Talking to Each Other
Scientists charmingly believe that if “the public” merely hears the discovered truth, it will be logically applied in all matters of public policy and personal behavior. If only….
But knowingly or not, subjects of technical impact are important to the public, from genetic testing, to atmospheric chemistry, to oil-spill remediation. How best to communicate in such territory is the subject of a paper published from a West Coast university consortium (Proceedings of the National Academies of Sciences of the United States of America, 10.1073/pnas.0914292107).
The authors are ostensibly concerned with data on marine reserves off the California coast. Drawing on lessons learned through publicizing the results, they also offer a framework for communications pegged on four points:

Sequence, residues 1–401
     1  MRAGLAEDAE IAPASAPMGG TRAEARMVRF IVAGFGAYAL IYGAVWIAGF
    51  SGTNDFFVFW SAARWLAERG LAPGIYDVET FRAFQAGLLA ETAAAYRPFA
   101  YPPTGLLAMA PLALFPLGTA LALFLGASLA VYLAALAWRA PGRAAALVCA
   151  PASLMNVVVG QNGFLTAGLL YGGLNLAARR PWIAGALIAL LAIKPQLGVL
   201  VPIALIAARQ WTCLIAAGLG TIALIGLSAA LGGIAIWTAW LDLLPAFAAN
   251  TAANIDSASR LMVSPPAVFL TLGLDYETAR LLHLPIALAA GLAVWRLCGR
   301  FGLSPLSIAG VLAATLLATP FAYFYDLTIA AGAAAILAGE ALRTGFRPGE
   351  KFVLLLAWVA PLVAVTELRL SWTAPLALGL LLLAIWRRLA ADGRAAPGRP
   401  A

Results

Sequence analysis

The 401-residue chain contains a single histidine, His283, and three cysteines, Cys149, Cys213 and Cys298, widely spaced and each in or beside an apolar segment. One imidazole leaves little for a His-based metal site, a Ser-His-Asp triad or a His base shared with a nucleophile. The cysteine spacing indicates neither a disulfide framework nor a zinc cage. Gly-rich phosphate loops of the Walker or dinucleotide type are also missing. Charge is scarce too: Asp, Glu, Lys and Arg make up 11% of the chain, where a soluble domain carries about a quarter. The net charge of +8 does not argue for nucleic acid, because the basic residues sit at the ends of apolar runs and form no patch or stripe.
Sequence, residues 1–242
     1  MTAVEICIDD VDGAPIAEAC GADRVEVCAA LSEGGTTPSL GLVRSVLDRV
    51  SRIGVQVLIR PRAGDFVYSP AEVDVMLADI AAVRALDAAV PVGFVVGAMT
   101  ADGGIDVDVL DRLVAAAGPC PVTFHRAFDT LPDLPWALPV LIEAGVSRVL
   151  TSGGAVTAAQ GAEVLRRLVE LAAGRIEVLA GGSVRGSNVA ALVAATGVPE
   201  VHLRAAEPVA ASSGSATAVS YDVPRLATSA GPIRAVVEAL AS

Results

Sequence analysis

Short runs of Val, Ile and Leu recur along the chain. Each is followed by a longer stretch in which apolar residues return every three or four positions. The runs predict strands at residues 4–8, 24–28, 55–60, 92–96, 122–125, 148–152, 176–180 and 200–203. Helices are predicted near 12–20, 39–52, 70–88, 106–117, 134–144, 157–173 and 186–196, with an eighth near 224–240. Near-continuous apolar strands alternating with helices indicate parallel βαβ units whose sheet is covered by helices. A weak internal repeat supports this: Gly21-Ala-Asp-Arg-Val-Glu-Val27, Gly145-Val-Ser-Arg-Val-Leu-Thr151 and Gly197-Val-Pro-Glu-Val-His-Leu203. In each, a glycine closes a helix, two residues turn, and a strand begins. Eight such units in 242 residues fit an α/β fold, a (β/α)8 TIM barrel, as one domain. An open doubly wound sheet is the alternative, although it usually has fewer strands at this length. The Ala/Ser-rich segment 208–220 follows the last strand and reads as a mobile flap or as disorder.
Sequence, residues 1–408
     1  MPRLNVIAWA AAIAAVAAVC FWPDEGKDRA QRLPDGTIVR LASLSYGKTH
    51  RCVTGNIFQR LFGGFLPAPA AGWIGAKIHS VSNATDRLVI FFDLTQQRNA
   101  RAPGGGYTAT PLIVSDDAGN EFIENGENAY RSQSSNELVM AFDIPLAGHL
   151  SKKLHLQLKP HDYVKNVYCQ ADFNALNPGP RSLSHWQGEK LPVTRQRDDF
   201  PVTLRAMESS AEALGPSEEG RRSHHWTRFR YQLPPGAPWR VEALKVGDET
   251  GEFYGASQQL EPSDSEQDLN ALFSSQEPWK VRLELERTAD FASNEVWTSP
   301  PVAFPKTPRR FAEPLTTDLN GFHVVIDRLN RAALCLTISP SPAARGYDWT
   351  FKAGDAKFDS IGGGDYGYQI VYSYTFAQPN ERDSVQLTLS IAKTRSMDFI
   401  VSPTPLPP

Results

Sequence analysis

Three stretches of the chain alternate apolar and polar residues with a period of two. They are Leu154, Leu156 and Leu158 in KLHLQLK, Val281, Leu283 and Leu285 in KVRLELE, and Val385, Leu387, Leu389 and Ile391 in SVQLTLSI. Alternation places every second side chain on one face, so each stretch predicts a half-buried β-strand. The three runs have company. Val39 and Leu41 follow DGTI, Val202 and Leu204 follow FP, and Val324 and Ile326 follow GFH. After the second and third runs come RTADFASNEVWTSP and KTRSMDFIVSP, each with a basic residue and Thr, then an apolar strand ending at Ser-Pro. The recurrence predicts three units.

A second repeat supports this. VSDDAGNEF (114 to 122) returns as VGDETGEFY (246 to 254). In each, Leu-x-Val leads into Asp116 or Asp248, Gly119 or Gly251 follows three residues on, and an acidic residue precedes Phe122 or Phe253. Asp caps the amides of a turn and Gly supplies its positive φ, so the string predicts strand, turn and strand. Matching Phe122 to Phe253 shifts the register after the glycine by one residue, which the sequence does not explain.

- Know the audience. You can’t talk to policy makers the same way you talk to kids.
- Identify the main messages. Be clear, don’t dither, be minimalist on the number of points.
- Choose the communications tactics. Depending on context and individual style, you might be most effective with different channels: oral presentations, published articles, interviews, Web pages, films, slide shows.
- Measure success. Did you reach the chosen audience with the message you intended?
The first three are relatively easy; the fourth is difficult to impossible. It’s worth the effort, though, because the stakes are high in an era when knowledge and expertise are increasingly viewed with suspicion by large numbers of our fellow citizens.